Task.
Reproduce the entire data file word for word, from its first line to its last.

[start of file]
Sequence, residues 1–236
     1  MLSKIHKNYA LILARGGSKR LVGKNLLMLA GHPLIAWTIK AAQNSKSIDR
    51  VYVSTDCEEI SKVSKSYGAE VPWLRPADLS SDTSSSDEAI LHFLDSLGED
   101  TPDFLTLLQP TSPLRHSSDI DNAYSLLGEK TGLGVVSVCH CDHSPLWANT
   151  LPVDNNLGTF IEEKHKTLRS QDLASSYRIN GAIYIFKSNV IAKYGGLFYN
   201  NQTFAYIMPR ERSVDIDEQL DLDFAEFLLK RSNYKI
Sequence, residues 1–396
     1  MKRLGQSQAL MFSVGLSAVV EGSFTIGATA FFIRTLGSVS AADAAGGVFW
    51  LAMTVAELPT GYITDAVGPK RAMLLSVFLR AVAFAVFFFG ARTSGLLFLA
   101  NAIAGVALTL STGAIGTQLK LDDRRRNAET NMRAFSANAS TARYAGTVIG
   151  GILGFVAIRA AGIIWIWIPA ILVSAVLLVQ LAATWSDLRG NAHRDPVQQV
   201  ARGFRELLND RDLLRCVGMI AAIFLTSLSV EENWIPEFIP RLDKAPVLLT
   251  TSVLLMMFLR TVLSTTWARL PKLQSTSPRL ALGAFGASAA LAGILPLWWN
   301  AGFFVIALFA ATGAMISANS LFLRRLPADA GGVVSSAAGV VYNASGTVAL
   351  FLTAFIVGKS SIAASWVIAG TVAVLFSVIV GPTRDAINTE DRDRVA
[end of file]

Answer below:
Sequence, residues 1–236
     1  MLSKIHKNYA LILARGGSKR LVGKNLLMLA GHPLIAWTIK AAQNSKSIDR
    51  VYVSTDCEEI SKVSKSYGAE VPWLRPADLS SDTSSSDEAI LHFLDSLGED
   101  TPDFLTLLQP TSPLRHSSDI DNAYSLLGEK TGLGVVSVCH CDHSPLWANT
   151  LPVDNNLGTF IEEKHKTLRS QDLASSYRIN GAIYIFKSNV IAKYGGLFYN
   201  NQTFAYIMPR ERSVDIDEQL DLDFAEFLLK RSNYKI
Sequence, residues 1–396
     1  MKRLGQSQAL MFSVGLSAVV EGSFTIGATA FFIRTLGSVS AADAAGGVFW
    51  LAMTVAELPT GYITDAVGPK RAMLLSVFLR AVAFAVFFFG ARTSGLLFLA
   101  NAIAGVALTL STGAIGTQLK LDDRRRNAET NMRAFSANAS TARYAGTVIG
   151  GILGFVAIRA AGIIWIWIPA ILVSAVLLVQ LAATWSDLRG NAHRDPVQQV
   201  ARGFRELLND RDLLRCVGMI AAIFLTSLSV EENWIPEFIP RLDKAPVLLT
   251  TSVLLMMFLR TVLSTTWARL PKLQSTSPRL ALGAFGASAA LAGILPLWWN
   301  AGFFVIALFA ATGAMISANS LFLRRLPADA GGVVSSAAGV VYNASGTVAL
   351  FLTAFIVGKS SIAASWVIAG TVAVLFSVIV GPTRDAINTE DRDRVA